One in 10 state lawmakers is related by blood or marriage to other legislators past and present. How do spouses, siblings and children get into politics, and what does it mean for lawmaking?
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Assemblymember Megan Dahle ran to take her husband Brian’s vacated seat in 2020, and just last week announced that in 2024 she’ll be running again to take his place once he leaves the state Senate.
But she said it wasn’t her political significant other who gave her the initial motivation to pursue a political career.
It was a cinnamon roll: Her eldest son came home after school one day bragging that the cafeteria had given him a sugary pastry “the size of my head” that morning.
“That’s kind of how it started for me,” the Redding Republican said, referring to her 12 years so far in elected office. “I started going to the board meetings and listening and going, ‘Oh, I really should know more about this.’”
Those meetings convinced her to run for the Big Valley Joint Unified school board, where she eventually served as president. From there, she decided to run for state Assembly — reluctantly, she insists, because “she knew enough about” the Legislature via her husband to know what a slog it is as a Republican. Ultimately, she decided it was a good way to keep plugging away at education policy and other issues she cares about. And now she’s running for Senate.
She tells this story as a way to explain that nothing about her path in politics was the predictable result of her relationship to the man who ran for governor last year and was trounced by Gov. Gavin Newsom. When she met Brian Dahle while he was campaigning for the county board of supervisors, she said she didn’t even know what that position was. She did not dream of becoming a politician as a kid. Nor did she come from a political family.
But she’s part of one now. And in the California Legislature, the Dahle clan is not alone.
Of the 120 legislators, a dozen have current or former members in their immediate family. And the size of the Legacy Caucus could increase after the next election.
Assemblymember Dahle isn’t even the first family-connected candidate to launch a 2024 campaign.
Edith Villapudua, whose husband Carlos is a Stockton Democratic Assemblymember, is running for the state Senate. In late December, a day after Assemblymember Sabrina Cervantes, a Democrat from Corona, announced for state Senate, her sister Clarissa Cervantes, a Riverside city council member, announced that she’s running to take her place. And on Monday, San Diego County Supervisor Nathan Fletcher launched his state Senate campaign. He’s a former Assemblymember, but he’s also married to Lorena Gonzalez Fletcher, who served in the Assembly from 2013 until last year, when she left to run the California Labor Federation.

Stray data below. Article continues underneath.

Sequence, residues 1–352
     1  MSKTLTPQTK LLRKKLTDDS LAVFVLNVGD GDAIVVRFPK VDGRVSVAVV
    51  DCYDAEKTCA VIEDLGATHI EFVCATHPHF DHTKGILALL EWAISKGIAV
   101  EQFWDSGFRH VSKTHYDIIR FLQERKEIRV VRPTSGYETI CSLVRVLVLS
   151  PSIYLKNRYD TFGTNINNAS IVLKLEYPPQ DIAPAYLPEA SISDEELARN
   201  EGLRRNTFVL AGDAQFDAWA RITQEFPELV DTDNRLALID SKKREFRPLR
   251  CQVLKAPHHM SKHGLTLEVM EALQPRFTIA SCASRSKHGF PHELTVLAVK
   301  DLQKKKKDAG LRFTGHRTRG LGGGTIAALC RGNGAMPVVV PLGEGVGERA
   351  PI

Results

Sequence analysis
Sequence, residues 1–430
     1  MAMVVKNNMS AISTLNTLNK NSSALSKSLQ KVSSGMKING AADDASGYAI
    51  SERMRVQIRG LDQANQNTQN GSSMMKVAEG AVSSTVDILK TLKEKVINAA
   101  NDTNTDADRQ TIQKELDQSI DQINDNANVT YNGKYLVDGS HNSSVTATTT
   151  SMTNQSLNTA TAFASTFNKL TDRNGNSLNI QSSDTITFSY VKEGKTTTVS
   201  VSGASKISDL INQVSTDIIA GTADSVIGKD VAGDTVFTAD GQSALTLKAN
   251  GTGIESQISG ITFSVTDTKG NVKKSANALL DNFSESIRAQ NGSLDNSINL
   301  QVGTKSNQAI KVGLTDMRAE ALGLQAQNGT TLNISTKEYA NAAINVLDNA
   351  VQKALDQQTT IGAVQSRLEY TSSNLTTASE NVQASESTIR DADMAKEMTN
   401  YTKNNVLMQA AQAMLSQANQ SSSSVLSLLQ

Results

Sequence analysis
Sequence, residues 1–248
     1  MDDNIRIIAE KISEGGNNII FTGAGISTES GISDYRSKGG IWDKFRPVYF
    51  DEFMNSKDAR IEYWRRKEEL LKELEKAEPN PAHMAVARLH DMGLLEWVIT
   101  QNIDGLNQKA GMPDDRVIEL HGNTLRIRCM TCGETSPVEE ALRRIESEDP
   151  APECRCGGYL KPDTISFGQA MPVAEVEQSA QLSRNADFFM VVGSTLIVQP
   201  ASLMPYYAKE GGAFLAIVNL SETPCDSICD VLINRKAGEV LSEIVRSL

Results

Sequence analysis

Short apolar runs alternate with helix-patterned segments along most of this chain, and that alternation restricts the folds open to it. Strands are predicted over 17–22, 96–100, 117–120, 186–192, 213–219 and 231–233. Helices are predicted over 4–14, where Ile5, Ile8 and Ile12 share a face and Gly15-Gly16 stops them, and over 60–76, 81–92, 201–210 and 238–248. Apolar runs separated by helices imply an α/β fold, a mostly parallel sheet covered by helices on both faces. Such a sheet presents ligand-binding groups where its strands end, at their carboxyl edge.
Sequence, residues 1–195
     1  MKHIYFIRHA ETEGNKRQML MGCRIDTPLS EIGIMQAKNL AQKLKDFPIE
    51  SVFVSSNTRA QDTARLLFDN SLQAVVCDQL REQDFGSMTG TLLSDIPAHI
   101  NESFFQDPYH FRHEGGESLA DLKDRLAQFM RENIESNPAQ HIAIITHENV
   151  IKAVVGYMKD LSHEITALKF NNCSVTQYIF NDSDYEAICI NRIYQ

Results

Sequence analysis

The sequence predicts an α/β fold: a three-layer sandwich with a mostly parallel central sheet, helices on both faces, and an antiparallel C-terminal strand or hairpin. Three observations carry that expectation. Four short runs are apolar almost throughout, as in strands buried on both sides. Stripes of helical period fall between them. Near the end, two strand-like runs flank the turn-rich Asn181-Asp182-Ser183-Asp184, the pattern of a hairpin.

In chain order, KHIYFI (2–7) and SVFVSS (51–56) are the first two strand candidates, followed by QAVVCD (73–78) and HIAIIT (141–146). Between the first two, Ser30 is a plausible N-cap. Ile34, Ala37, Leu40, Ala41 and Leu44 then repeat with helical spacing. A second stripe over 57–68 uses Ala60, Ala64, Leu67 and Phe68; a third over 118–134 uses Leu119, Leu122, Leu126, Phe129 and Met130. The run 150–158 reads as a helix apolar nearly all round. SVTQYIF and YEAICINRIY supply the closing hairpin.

The fact that so many state lawmakers have fellow California pols in their family tree is no one-off. At least 10% of the Legislature has been related to at least one current or former state lawmaker since 2001, according to data compiled by Alex Vassar, a spokesperson for the California State Library and the unofficial keeper of legislative lore and trivia. His tally includes direct family ties, but also more distant kin, such as in-laws, nephews and great-grandchildren.
The most recent time the Legislature lacked a single family-tied member was 1910, according to Vassar.
What’s true of the Legislature could simply be true of politics in general. Adams, Bush, Clinton, Kennedy and Roosevelt are just a few of the most notable last names in American political history. An analysis of congressional family ties found that serving in the House of Representatives for more than one term increased the likelihood that an incumbent “will have a relative entering Congress in the future by about 70%.”
And in California, a Brown — be it, Jerry, his sister Kathleen or his father, Pat — was on 15 of the state’s 18 statewide midterm ballots between 1946 and 2014, notes Claremont McKenna College politics professor Jack Pitney.
In the state Capitol, the omnipresence of political families can shape the culture — and, in the cases of relatives serving at the same time, the way that lawmaking is done. At best, it provides a way for institutional knowledge to pass from one generation to the next despite term limits. At worst, it can provide fodder for cynics who believe that political power is only available to those who know the right people.
“The Nepo phenomenon is not confined to Hollywood,” said Pitney. “In any field of work, but especially politics, it helps to have family on the inside.”
What’s in a name?
There are a number of reasons why winning elections might run in the family. Exposure to the world of politics might inspire someone to follow in the footsteps of a sibling, spouse or parent. Connections and know-how could be bequeathed. If there’s such a thing as raw political talent, maybe it’s genetic.